Learning a language should never be drudgery, so I make the learning as fun as possible while also setting and reaching language learning goals. And speaking of setting goals, I make it clear to students that there is no magic pill that they can take as a substitute for time on task; while some methods work faster than others, it still takes an estimated 3 hours of study and practice every day for 10 years to go from absolute beginner to advanced fluency.
We must work on all four of the language skills of listening, speaking, reading, and writing.
In my experience, as I learned more and more Spanish words I was better able to communicate, and therefore I encourage my students to build a large vocabulary of the most commonly used English words. Sometimes teachers are required to have students learn words for tests, however memorizing a bunch of words that are quickly forgotten afterward is a waste of energy. As a result, I encourage my students to have fun learning new English words by watching videos, listening to music, reading the news, and learning words on topics that interest them. When learning new words is enjoyable, students remember those words and are able to use them when communicating.
Another key to learning a language is the willingness to make many mistakes … that’s how we learned our first language, and that’s how we learn a new language. If you only know 100 English words and a few verbs in the present tense, start speaking English to everyone in order to make many mistakes.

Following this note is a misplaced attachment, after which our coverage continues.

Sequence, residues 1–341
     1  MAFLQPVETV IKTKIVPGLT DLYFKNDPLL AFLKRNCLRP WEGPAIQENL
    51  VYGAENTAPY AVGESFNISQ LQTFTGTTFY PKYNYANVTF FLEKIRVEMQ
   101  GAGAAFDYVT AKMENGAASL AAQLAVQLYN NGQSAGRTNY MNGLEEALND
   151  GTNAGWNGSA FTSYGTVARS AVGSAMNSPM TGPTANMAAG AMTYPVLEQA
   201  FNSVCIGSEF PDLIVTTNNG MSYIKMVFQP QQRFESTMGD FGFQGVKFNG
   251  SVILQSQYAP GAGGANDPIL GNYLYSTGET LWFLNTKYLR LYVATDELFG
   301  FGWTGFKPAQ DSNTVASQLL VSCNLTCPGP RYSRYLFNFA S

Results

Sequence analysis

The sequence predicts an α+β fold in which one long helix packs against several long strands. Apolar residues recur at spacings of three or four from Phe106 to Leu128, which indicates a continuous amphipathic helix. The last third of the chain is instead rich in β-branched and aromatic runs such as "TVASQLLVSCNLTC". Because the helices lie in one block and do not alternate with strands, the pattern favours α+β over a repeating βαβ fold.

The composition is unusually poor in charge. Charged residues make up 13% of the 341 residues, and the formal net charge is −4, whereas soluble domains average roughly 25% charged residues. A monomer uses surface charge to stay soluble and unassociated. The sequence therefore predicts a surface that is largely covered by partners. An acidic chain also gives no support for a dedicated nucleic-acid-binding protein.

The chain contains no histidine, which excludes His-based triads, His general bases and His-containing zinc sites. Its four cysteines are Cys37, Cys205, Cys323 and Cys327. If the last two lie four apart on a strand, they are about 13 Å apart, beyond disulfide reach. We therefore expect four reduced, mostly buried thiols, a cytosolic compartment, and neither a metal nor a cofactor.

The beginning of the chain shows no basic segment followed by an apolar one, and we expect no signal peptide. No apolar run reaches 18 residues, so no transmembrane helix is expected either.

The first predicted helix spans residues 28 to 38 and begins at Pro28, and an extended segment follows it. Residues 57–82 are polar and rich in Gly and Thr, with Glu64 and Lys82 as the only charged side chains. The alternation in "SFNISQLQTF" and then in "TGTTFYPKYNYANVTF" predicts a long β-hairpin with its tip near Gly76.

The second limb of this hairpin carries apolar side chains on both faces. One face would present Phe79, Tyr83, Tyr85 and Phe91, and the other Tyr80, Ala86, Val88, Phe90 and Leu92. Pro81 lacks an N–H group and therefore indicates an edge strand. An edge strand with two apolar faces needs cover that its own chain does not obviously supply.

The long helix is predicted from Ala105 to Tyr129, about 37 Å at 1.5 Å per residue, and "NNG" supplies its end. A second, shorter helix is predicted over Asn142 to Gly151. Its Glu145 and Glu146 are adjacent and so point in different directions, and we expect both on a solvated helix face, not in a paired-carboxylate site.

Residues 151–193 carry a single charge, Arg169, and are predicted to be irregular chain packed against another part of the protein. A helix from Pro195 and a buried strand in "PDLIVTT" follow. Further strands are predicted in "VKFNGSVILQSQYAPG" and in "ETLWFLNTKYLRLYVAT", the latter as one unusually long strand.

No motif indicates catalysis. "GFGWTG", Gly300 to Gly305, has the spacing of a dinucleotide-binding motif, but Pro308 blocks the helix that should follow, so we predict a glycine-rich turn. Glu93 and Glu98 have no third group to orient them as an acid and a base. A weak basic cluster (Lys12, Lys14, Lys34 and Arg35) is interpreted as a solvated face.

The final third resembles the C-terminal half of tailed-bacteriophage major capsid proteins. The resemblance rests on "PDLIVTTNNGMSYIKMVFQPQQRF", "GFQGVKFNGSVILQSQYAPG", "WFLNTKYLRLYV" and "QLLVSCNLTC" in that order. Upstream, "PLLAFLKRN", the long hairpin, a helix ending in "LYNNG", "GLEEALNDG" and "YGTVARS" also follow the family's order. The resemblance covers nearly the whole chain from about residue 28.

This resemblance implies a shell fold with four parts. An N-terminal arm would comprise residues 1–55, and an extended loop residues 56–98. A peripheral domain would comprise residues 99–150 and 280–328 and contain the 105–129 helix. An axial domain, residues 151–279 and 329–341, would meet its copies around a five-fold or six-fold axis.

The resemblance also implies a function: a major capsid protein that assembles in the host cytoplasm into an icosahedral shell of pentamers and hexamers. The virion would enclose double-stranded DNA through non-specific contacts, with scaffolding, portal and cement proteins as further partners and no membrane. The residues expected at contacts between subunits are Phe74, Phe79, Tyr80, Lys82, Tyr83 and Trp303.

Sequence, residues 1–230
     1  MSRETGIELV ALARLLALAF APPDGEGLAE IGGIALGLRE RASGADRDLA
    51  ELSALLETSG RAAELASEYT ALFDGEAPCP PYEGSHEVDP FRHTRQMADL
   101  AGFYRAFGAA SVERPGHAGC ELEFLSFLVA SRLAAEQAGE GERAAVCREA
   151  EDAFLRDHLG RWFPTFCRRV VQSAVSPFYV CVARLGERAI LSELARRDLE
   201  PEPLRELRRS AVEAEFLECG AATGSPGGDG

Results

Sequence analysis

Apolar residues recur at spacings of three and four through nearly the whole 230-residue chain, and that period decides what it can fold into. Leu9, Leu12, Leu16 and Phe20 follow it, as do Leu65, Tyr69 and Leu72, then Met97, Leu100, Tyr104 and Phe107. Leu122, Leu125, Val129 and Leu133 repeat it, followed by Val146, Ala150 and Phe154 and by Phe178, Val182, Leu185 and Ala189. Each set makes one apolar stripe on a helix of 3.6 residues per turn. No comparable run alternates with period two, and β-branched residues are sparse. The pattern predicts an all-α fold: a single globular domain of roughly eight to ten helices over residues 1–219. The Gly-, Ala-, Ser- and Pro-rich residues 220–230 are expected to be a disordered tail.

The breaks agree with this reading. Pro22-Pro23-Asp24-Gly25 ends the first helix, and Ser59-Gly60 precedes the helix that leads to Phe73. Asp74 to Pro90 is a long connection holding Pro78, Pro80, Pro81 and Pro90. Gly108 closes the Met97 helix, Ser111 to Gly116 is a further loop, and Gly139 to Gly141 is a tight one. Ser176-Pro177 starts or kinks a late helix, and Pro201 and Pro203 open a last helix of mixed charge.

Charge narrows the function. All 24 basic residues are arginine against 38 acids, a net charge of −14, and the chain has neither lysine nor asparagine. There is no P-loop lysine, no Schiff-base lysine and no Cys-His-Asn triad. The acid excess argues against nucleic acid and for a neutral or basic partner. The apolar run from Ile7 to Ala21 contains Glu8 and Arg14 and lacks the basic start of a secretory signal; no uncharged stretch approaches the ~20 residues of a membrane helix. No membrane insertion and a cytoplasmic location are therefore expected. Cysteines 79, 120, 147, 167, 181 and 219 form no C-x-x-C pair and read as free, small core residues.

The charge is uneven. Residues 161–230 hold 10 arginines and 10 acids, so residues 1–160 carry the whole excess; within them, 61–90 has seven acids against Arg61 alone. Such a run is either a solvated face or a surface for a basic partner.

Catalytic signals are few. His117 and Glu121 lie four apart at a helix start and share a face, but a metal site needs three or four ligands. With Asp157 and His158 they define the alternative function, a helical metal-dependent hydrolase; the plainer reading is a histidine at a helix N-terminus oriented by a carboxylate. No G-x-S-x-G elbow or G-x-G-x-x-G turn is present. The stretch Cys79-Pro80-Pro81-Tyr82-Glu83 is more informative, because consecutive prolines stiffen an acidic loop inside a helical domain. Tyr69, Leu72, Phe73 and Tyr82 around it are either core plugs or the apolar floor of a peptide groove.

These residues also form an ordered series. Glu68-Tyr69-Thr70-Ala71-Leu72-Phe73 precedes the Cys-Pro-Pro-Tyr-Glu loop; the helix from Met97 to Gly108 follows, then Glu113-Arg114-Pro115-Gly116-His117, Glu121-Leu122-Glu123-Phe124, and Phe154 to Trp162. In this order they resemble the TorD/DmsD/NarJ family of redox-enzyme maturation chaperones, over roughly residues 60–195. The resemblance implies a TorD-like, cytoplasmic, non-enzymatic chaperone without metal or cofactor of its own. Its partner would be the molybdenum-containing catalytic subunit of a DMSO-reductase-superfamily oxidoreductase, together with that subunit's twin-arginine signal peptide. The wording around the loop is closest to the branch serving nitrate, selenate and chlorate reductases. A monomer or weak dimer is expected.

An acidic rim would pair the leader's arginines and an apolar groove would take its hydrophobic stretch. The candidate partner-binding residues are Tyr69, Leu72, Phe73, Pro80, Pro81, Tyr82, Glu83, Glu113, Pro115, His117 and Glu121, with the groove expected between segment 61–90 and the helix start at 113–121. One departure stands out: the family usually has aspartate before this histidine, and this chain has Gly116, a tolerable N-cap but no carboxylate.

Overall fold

In addition to taking classes and using books to learn a language, there are many computer programs, apps, websites, podcasts, etc., that are available nowadays to improve language learning. Not only do I encourage my students to use them, but I also use them whenever possible when teaching English.
English for Spanish Speakers
I enjoy teaching English to all people, and I am particularly skilled at teaching English to Spanish speakers because I am able to use my Spanish language skills to simplify and improve learning. I also work with businesses and non-profit organizations to improve their online marketing and business strategies. My business skills and English teaching experience can better equip your staff, improve your operations, and expand your global reach.